5. After the steel is removed from the BOS vessel, the slag, filled with impurities, is poured off and cooled.

A Newer Method - Electric Arc Furnace Steelmaking An Electric Arc Furnace (EAF) is used to produce new steel from scrap metal. If scrap steel is readily available, this method is lower cost than the traditional blast furnace method of making steel, and it conserves raw materials like iron ore, coke and fluxes. Iron from other sources can also be used as feed for the EAF. The EAF at the North Star BlueScope Steel Mill in Ohio, is a circular steel shell, lined with refractory bricks. It has a roof which can be raised or lowered and is fitted with long carbon rods called electrodes. The side walls and roof are water-cooled. EAFs can vary greatly in size from 1 to 400 tonnes capacity, with the majority having a 70 -120 tonne capacity. Diameters can be as small as 1.5m and as large as 8m.

The steelmaking process at an EAF furnace is as follows: The furnace is charged with about 86 percent scrap steel, and 14 percent iron. A crane lifts the scrap bucket and empties its load of 85 tonnes into the open furnace. Power is supplied to the furnace through the electrodes. The electrodes are placed in the furnace and when the power is applied it produces an arc of electricity from the electrode to the scrap steel. The arc is similar to a lightning bolt striking the ground, and produces 35 million watts of electricity. The energy from the arc raises the temperature to 1600C, melting the scrap. Sometimes substances like carbon, oxygen, hydrogen, nitrogen and fluxes need to be added to the melt to remove small amounts of impurity in the scrap. After about 80 minutes, the molten steel is tapped into a ladle and transferred to the ladle furnace. In the ladle furnace more refining is done and the steel can be processed to form alloys in the same way as the BOS steel. The main source of scrap steel is from cars, but washing machines, fridges, bicycles and steel from demolished buildings can also be recycled using the EAF.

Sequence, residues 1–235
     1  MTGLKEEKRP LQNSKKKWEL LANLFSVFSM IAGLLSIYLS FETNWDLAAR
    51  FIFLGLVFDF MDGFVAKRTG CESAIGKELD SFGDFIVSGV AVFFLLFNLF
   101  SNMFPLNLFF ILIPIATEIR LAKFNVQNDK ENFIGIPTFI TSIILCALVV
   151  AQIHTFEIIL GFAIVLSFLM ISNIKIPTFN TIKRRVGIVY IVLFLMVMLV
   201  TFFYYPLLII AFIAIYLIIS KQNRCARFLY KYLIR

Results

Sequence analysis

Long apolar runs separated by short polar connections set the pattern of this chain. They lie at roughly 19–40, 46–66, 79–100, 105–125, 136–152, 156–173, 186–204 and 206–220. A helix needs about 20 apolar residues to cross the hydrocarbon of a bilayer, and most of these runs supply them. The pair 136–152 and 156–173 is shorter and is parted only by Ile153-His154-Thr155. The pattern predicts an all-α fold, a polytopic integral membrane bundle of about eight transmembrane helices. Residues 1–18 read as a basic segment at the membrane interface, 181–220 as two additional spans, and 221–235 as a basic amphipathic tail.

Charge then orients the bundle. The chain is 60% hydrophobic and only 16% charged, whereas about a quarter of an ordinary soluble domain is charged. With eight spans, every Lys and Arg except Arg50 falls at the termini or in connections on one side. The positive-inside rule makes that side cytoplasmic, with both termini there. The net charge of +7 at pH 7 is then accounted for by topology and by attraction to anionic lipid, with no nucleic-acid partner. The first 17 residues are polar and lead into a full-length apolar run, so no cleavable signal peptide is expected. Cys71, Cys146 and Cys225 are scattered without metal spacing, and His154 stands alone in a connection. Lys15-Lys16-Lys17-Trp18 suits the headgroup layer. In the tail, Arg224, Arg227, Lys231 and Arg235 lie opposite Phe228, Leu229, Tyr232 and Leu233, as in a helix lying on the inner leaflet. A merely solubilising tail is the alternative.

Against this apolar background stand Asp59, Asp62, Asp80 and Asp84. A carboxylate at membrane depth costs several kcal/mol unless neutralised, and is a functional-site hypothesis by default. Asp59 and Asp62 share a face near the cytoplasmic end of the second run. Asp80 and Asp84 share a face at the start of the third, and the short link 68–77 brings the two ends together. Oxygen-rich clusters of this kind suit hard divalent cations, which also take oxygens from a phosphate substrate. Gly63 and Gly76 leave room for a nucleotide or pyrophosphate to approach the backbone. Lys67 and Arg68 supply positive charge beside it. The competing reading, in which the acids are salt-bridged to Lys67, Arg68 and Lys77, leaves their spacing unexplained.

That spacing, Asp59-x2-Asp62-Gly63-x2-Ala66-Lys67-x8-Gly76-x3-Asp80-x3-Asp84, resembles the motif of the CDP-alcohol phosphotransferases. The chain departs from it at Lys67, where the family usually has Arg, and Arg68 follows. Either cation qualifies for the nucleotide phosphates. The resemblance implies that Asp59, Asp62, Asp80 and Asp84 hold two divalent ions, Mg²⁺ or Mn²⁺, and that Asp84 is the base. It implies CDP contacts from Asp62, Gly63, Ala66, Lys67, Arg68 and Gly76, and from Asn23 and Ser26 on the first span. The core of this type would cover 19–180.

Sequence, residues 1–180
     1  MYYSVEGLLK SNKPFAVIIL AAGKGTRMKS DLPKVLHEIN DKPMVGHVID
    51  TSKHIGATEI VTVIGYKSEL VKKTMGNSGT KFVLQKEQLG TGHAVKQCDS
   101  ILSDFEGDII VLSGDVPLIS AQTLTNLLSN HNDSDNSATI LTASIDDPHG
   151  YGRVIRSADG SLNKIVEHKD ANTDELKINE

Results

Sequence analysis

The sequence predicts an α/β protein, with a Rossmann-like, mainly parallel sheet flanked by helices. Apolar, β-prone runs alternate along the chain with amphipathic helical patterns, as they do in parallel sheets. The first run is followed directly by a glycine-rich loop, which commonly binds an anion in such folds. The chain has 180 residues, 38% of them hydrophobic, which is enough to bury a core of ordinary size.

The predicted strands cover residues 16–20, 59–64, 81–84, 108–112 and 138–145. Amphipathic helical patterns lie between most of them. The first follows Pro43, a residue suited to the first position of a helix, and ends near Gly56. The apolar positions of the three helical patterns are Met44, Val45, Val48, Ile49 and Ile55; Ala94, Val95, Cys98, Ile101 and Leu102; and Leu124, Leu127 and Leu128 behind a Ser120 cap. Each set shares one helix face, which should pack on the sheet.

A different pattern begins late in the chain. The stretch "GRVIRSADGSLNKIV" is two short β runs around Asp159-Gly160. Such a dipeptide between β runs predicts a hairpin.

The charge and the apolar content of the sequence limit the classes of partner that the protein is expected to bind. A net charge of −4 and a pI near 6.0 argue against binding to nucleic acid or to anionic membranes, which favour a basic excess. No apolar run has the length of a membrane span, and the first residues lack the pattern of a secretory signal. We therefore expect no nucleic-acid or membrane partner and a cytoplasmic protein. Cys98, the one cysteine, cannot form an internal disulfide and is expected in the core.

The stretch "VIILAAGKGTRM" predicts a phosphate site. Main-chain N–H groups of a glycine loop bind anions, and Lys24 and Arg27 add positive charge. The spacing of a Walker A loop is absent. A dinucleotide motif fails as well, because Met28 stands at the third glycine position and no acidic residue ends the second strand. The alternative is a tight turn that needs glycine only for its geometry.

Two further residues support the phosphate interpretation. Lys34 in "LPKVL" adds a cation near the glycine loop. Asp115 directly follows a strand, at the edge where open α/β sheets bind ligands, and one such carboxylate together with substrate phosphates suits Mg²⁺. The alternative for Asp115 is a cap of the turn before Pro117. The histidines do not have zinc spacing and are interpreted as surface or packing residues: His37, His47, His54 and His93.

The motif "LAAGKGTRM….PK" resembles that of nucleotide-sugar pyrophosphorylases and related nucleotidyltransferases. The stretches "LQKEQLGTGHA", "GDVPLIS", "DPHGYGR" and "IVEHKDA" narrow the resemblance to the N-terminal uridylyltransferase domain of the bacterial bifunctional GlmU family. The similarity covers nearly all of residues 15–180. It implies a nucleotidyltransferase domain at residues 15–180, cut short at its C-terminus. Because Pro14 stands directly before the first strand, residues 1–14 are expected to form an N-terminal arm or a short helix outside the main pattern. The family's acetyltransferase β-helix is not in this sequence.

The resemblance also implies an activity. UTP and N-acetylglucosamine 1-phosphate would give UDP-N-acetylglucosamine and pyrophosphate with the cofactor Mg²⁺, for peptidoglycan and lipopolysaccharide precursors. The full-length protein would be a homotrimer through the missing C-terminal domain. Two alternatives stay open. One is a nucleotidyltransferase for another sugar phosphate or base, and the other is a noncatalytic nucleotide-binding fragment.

Casting Liquid steel must be cast into shapes so that it can be rolled. This is done by continuous casting machines that mould the liquid steel into different sized shapes called slabs, blooms and billets. The process is continuous because liquid steel is continuously poured into a 'bottomless' mould at the same rate as a continuous steel casting is extracted. Some of the advantages of continuous casting compared to individual moulds are: More consistent composition and dimension. Better surface and internal quality. Higher yield. Energy savings. Less labour intensive.

The casting process:

1) Before casting begins a dummy bar is used to close the bottom of the mould. 2) A ladle of molten steel is lifted above the casting machine and a hole in the bottom of the ladle is opened, allowing the liquid steel to pour into the mould to form the required shape. 3) As the steel's outer surface solidifies in the mould, the dummy bar is slowly withdrawn through the machine, pulling the steel with it. 4) Water sprays along the machine to cool/solidify the steel. 5) At the end of the machine, the steel is cut to the required length by gas torches.